There’s been a lot of interest in statistical bias in recent years — specifically, whether polls are systematically biased against Republicans nowadays. These concerns stem primarily from polls overestimating Democratic support in the 2016 and 2020 cycles; as the table below shows, the polls in 2015-16 had a weighted-average bias of D+3.0, and the polls in 2019-20 had an even worse weighted-average bias of D+4.7. A lot of people assumed the polls would have a similar bias again in 2022. But that assumption was wrong: For 2021-22, polls had a weighted-average bias of just D+0.8.
Ironically, after the election, a narrative emerged that 2022 polling was actually too good for Republicans — a claim that our data doesn’t bear out, either. While the polls in a few closely watched races — like Arizona’s governorship and Pennsylvania’s Senate seat — were biased toward Republicans, the polls overall still had a bit of a bias toward Democrats. That’s because generic-ballot polls, the most common type of poll last cycle, had a weighted-average bias of D+1.9, and polls of several less closely watched races, like the governorships in Ohioand Florida, also skewed toward Democrats. It was a weird year in that some states zigged and other states zagged; usually, polling bias in a given year is correlated from race to race.
But if you’re trying to find patterns in polling bias from year to year … good luck. Statistical bias tends to bounce around from cycle to cycle. Sure, the polls had overestimated Democrats in three of the past four elections before 2022. But before that, in 2012, they overestimated Republicans. And there was barely any polling bias in the three cycles before that.
This is why we’re constantly warning people against trying to predict the direction of polling error in advance. In fact, we’ve noticed that when pundits try to predict polling bias, they have a knack for guessing wrong. See, pollsters aren’t passive actors in all this. Pollsters are well aware when their polls have a bad year. Many adjust their methodology to avoid making the same mistakes. Simply put, if polling is broken, pollsters don’t just sit on their hands; they try to fix it!
Up to this point, we’ve been talking about “the polls” and “pollsters” as if they were a monolith. But there are important differences in quality between pollsters. So, without further ado, here is how each pollster performed in the 2021-22 election cycle according to our three metrics:
||# of Polls▲▼
||% of Correct Calls▲▼
|The New York Times/Siena College||12||1.9||88||EVEN|
|Alaska Survey Research||5||2.2||100||R+1.9|
|Beacon Research/Shaw & Co. Research||10||2.9||70||R+0.9|
|Fabrizio, Lee & Associates||7||3.2||79||R+2.5|
|OH Predictive Insights||5||3.4||60||D+0.3|
|Remington Research Group||10||4.1||70||R+2.6|
|Data for Progress||33||4.4||79||R+1.8|
|Targoz Market Research||9||4.8||56||R+3.7|
|University of New Hampshire Survey Center||7||5.2||100||R+4.2|
|Moore Information Group||5||8.3||30||R+8.3|
Unsurprisingly, the top of the list is generally populated by academic and media-affiliated pollsters that have been trusted names in polling for a long time. But special congratulations are due to Suffolk University and The New York Times/Siena College, which had the lowest average errors of any pollster that conducted at least five qualifying polls last cycle. As a result, Suffolk’s pollster rating has increased from B+ to A-. The New York Times/Siena College already had an A+ grade, so it didn’t get a ratings boost. Still, its stellar performance did push it past Selzer & Co. for the distinction of most accurate pollster in America (at least by FiveThirtyEight’s reckoning).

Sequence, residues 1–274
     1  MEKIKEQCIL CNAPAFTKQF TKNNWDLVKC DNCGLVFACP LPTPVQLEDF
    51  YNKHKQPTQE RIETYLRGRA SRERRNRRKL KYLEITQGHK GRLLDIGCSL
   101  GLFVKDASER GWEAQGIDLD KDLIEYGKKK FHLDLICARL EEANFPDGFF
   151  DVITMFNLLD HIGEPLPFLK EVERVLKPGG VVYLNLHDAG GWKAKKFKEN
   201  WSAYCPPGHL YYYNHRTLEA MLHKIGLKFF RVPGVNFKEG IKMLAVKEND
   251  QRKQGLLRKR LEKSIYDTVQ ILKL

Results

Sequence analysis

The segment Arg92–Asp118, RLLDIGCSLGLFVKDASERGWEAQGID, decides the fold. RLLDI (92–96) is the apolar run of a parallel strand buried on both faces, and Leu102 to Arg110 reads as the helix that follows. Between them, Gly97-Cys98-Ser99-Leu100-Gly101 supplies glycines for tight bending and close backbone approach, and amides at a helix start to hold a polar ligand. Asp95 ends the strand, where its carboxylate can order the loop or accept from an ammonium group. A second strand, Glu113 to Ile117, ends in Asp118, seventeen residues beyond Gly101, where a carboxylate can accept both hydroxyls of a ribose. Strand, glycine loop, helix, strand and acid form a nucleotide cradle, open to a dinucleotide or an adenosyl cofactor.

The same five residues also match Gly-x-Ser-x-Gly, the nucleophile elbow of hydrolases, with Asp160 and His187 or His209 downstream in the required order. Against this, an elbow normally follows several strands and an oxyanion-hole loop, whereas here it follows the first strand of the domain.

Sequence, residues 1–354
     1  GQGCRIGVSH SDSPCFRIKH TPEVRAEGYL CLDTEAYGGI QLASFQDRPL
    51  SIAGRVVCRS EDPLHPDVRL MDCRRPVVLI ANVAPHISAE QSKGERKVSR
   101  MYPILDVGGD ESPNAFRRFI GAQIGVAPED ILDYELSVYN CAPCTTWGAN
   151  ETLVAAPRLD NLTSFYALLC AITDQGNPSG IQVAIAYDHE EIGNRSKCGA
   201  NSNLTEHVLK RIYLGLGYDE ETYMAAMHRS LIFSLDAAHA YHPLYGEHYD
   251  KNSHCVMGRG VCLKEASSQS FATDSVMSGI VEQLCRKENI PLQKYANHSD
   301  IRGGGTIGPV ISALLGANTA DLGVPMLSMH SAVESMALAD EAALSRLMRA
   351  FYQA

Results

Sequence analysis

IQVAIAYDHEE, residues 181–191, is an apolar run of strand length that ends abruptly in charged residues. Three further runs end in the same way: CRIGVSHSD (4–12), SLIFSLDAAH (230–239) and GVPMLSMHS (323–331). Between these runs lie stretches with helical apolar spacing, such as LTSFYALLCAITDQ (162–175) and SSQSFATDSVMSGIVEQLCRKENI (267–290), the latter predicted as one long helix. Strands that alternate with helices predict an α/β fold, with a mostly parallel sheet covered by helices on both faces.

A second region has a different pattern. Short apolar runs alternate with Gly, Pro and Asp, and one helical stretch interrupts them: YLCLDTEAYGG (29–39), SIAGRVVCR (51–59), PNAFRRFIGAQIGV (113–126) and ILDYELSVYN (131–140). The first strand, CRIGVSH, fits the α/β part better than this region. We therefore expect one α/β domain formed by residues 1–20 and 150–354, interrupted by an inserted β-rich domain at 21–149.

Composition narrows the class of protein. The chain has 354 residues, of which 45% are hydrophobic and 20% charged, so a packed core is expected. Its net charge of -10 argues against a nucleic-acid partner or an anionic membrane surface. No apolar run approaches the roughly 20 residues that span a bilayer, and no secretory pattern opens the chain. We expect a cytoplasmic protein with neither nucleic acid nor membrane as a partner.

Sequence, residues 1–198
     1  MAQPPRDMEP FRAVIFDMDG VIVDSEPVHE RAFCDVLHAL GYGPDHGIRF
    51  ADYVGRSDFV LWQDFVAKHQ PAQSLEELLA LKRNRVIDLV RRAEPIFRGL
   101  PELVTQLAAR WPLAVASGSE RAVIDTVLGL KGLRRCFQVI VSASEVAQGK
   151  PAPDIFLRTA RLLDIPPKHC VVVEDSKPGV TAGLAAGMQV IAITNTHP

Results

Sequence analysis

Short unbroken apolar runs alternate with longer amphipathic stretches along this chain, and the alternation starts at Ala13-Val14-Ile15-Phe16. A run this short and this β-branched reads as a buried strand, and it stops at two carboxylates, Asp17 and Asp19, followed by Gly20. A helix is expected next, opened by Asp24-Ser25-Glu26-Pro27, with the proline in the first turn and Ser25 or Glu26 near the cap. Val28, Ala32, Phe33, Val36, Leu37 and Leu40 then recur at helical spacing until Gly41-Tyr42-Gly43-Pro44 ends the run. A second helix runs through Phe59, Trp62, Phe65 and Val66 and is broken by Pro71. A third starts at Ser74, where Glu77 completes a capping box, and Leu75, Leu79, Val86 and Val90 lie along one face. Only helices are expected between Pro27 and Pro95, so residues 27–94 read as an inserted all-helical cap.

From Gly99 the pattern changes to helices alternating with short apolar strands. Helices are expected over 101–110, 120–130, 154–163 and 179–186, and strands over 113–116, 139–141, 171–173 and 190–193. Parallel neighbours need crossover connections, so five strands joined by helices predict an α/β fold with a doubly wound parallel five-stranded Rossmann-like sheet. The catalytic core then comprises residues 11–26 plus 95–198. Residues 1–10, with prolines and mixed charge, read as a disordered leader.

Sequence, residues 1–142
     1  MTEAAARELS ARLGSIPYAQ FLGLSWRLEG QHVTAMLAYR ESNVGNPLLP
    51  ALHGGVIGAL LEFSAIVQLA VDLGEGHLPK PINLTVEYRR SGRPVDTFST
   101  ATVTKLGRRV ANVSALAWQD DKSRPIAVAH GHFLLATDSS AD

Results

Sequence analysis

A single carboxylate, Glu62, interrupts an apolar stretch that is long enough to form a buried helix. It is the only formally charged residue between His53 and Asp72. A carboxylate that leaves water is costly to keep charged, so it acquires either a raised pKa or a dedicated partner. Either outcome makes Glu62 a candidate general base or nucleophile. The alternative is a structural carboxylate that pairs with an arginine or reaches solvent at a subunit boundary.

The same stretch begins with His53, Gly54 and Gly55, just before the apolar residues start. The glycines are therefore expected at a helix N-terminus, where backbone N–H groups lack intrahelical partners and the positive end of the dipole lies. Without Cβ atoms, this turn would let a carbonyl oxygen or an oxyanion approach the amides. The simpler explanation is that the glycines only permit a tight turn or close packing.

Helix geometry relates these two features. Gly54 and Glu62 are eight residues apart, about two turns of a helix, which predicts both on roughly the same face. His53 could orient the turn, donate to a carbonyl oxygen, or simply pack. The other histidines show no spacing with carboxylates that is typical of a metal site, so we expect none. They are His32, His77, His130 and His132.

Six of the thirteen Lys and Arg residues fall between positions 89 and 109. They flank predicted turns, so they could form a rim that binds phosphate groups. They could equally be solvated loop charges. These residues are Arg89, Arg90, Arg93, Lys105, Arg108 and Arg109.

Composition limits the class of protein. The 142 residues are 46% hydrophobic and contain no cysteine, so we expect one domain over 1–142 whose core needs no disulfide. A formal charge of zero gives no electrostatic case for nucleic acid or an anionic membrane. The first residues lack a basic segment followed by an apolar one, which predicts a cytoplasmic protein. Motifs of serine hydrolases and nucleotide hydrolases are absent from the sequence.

Meanwhile, the bottom of the list features quite a few Republican-affiliated pollsters that systematically overestimated the GOP in 2022: RRH Elections, InsiderAdvantage, co/efficient, Moore Information Group. But the most famous of these is probably Trafalgar Group, a pollster whose methods are notoriously opaque but that played a significant role in shaping the ultimately untrue narrative that a “red wave” was building with its 37 (!) qualifying pre-election polls. Trafalgar’s polls were quite accurate in 2020, when its Republican-leaning house effects helped it avoid the big polling miss that other firms experienced. As a result, it went into 2022 with an A- pollster rating. But its poor performance last cycle has knocked it down to a B — making it one of two pollsters to fall two notches in our ratings this year.
Of course, we generate more data on each pollster than just a letter grade. On our pollster-ratings page, you’ll also find the pollster’s historical bias, the number of its polls we’ve analyzed and its Predictive Plus-Minus, which is our projection of how much error we think the pollster will have in future elections relative to the average pollster. (Negative scores mean we believe the pollster will have less error than average.)
On each pollster’s individual pollster-ratings page, you’ll find the percentage of races it called correctly, the most recent cycle in which it polled, a list of all its qualifying polls and how accurate they were as well as whether it participates in the American Association for Public Opinion Research’s Transparency Initiative or shares its data with the Roper Center for Public Opinion Research. (A note for close observers of the pollster ratings: We have stopped giving pollsters credit for once belonging to the now-defunct National Council on Public Polls.) That final datum is essential because that level of transparency correlates with methodological quality and accuracy.
And if all that isn’t enough, you can also download the data underlying our pollster ratings for even more goodies, like how often a pollster missed outside the margin of error, its house effects and how much we penalize it for potential herding. Have fun exploring, and if you have any questions, email us at [email protected].
CORRECTION (March 13, 12:18 p.m.): A previous version of this story incorrectly stated that Trafalgar Group was the only pollster that fell two notches in FiveThirtyEight’s pollster ratings; TIPP Insights also saw its rating decline by two steps, from A+ to A-.